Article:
In the summer of 1978, Robert Burns and his two sons drove liquid tanker trucks along rural roads in thirteen North Carolina counties and through remote sections of the Fort Bragg Military Reservation. Driving at night to avoid detection, they opened the bottom valve of the tanker and discharged liquid contaminated with polychlorinated biphenyls (PCBs) removed from the Ward Transformer Company in Raleigh onto the soil along the road shoulders. This violation of the Toxic Substance Control Act (TSCA) continued for nearly two weeks until 240 miles of road shoulders were contaminated. Robert Ward had hired the Burnses to illegally dispose of the contaminated liquid in an attempt to avoid the escalating cost of disposal that was due, in part, to increasing regulation of hazardous waste. Since the contamination occurred on state-owned property, North Carolina was responsible for remediation. Within a few months after detecting the contamination, the state devised a plan calling for the construction of a landfill in Warren County, a rural area in northeastern North Carolina with a majority of poor, African-American residents. Warren County also suffered the most contamination of any of the thirteen counties effected by the illegal disposal. A farmer in the small community of Afton, facing a foreclosure and bankruptcy, sold his property to the state for use as a final resting place for the contaminated soil.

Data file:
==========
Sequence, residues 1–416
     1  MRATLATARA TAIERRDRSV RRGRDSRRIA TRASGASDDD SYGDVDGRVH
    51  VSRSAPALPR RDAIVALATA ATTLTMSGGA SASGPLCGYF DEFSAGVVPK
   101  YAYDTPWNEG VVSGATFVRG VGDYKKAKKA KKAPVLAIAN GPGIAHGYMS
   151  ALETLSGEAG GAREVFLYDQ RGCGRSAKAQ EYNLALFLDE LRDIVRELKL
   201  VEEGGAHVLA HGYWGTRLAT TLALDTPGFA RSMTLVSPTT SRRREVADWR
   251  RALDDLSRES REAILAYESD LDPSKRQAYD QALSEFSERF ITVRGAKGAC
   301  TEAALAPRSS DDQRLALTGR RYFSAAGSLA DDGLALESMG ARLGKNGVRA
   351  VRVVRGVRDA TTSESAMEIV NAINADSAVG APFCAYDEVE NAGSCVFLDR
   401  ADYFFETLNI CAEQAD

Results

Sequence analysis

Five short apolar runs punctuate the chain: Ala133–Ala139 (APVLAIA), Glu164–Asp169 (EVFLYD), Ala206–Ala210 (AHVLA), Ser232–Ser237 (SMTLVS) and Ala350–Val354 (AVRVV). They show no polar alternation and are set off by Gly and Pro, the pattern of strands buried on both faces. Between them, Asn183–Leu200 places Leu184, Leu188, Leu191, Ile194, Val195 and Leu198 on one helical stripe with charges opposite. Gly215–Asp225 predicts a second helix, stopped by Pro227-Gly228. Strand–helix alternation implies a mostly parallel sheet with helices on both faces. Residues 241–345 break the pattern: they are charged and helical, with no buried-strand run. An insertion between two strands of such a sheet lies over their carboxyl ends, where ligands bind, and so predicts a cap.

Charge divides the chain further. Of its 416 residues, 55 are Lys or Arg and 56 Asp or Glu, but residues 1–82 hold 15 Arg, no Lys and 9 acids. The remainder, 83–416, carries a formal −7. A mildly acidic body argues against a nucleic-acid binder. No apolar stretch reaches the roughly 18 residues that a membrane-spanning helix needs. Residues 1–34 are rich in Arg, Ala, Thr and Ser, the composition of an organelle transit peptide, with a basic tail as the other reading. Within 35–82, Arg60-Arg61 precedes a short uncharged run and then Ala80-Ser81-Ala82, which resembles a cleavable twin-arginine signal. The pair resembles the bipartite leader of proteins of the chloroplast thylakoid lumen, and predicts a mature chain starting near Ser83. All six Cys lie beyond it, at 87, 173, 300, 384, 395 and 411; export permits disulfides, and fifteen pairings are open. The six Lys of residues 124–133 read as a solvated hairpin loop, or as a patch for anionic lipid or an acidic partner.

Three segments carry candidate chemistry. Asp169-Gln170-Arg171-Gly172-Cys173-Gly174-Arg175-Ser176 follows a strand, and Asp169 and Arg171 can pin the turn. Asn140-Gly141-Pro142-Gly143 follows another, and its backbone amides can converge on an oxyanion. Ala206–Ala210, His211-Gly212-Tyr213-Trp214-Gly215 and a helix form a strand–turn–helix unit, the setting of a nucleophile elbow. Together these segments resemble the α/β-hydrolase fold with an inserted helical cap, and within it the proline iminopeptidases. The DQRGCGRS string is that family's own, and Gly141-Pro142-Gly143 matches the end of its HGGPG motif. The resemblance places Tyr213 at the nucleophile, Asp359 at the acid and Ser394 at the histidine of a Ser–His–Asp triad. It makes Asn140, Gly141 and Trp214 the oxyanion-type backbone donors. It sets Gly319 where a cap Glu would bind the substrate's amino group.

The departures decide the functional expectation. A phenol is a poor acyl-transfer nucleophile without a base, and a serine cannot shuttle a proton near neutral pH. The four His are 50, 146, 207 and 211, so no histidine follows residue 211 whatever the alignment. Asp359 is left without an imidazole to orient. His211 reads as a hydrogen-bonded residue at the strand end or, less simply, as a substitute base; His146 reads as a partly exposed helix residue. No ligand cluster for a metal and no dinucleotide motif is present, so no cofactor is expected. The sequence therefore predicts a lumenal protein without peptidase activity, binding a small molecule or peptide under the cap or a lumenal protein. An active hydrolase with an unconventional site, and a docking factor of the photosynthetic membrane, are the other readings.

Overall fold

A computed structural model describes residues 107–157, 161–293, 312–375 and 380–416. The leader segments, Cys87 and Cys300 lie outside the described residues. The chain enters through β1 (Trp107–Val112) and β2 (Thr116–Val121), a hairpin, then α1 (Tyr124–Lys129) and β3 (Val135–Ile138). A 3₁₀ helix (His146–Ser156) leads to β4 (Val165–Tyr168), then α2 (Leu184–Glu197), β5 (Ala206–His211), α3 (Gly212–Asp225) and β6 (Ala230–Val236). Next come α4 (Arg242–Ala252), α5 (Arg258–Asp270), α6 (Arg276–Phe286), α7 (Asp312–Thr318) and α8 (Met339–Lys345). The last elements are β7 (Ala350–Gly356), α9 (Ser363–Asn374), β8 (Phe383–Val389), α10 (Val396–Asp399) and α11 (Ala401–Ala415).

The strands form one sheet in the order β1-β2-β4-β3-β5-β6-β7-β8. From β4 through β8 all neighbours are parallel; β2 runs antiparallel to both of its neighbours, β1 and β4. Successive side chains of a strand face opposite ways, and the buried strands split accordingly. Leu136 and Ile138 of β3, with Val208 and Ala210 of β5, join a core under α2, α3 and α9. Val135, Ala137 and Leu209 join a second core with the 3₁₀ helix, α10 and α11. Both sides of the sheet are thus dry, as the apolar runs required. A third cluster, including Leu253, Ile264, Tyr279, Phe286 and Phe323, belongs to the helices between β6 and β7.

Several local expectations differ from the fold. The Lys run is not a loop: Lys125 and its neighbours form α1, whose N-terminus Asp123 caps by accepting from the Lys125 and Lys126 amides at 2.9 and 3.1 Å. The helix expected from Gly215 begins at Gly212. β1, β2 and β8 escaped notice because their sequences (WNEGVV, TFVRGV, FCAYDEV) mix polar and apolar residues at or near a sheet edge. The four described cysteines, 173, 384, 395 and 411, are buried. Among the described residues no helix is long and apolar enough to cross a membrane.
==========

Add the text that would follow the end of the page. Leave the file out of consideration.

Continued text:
Thursday, May 21, 2015
From NIMBY to civil rights
A couple of weeks ago we posted on the first article in Environmental History's virtual issue on environmental justice. The second is Eileen Maura McGurty's 1997 "From NIMBY to Civil Rights: The Origins of the Environmental Justice Movement". The article begins:
The article goes on to discuss the Warren County protests and the foundation of the environmental justice movement.